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News Round Up: July 18

Stevens follows Moses; Review of practice standards; More market commentary; Why Fish! is good.

Monday, July 18th 2011, 5:00AM 2 Comments

Last week we reported that Roger Moses has resigned his life membership of the IFA . We understand that Gary Stevens too has resigned. While Stevens was not charged in the Nathans court case, his role with the company did get a mention from the judge.

Review on practice standards

The Institute of Financial Advises (IFA) says it is appropriate to look at its  practice standards in 2011, especially given the impact of the FAA and the Code, and the Armitage v Church case.

"We are currently looking at the key issues that were raised in the judgement, determining  appropriate 2011 standards of competence and best practice, and getting a legal review. We  expect to issue these standards out to members by the end of August. We're also planning to cover key points in our upcoming PD Roadshow days in October. "

The IFA encourages any member facing a complaint or expression of dissatisfaction from a client to contact it about the standards that they may be judged against.

More market analysis

We have a few new developments under way here at Good Returns. One of the things that we will be doing is providing more expert commentary on what is happening in investment markets. Each month we will have comment from Harbour Asset Management. In this month's piece (which you can read here) Harbour discusses Australasian markets and strategy.

Why Fish! is good
This will mean something to those who attended the IFA Conference last week. A highlight was keynote speaker Stephen Lundin - who wrote the book Fish!

It's a great story about boosting morale and improving results. I enjoyed hearing Lundin and will be reading his book. If you too would like to get your hands on a copy then visit our bookstore www.intelligentinvestor.co.nz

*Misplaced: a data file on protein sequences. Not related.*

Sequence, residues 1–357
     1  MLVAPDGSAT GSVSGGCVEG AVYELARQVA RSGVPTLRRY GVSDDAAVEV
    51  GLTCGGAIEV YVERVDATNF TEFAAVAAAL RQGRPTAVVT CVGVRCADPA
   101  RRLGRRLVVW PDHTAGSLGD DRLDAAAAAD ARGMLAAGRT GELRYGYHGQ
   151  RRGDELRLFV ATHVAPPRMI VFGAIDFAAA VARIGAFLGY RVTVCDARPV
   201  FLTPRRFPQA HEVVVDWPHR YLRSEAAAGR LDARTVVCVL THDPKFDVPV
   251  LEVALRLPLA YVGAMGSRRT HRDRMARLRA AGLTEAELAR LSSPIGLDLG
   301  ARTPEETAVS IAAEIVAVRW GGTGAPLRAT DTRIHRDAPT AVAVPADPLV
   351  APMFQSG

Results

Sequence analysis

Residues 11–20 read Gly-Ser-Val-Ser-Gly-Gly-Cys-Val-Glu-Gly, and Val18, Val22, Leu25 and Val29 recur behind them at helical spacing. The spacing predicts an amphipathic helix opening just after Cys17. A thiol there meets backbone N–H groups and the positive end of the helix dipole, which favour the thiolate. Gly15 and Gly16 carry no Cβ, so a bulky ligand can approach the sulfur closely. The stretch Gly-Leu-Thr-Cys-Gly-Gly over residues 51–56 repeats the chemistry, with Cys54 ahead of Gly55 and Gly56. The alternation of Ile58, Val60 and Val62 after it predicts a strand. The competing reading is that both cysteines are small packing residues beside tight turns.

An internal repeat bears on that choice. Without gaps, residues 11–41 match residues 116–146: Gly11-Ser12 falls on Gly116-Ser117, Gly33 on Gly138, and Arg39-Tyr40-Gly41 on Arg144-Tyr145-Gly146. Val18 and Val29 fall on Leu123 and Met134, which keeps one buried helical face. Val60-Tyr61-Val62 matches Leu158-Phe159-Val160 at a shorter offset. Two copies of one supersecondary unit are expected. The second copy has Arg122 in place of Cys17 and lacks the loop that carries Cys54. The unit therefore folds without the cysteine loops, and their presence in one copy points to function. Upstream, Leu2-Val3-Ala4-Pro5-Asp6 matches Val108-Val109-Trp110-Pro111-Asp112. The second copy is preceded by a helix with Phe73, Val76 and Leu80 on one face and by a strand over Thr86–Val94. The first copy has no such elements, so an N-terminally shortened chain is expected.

We have Fish - The Omnibus listed in the shop. Find out more here.

« IFA appoints new professional development directorKiwiSaver mismatch a 'huge challenge' for advisers »

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Comments from our readers

On 18 July 2011 at 11:17 am Forthright said:
Some might praise the IFA, some might condemn the IFA and some might say ho-hum typical of the IFA. I am referring to the recent paradox the IFA faced in relation to the resignation of Messrs Moses and Stevens. The paradox the IFA faced was whether they had a responsibility to obey their own rules and in the cases of Messrs Moses and Stevens conduct two very costly disciplinary proceedings or accept two simple resignations and leave it at that. The IFA have seemingly solved the complex paradox by accepting the gracious resignations of both Life Members Moses and Stevens and leaving it at that.

Some may praise the pragmatism of the IFA, for their courage in ignoring their own rules and saving its members many tens of thousands of dollars on disciplinary proceedings. Some might also, ask, how can we depend on a professional association like the IFA to show proper behaviour and attitudes if cost plays such a large part in determining which ethical path they follow? Like it or not, the IFA now have a problem between its rules, its institutional culture and its methods of protecting that culture.
On 19 July 2011 at 9:39 am Majella said:
Forthright - you have expressed more succinctly my own thoughts when I read about Mr Moses resignation. Does this pragmatic course save the members anything? The only recent cases I can recall saw the 'defendants' paying heavily (by way of costs) for the privilege of being pilloried by their professional association. In those cases, too, one would note that the accused had resigned in anticipation...but these were NOT accepted so that the prosecution COULD proceed. Not very 'pragmatic' on those occasions.
Commenting is closed

 

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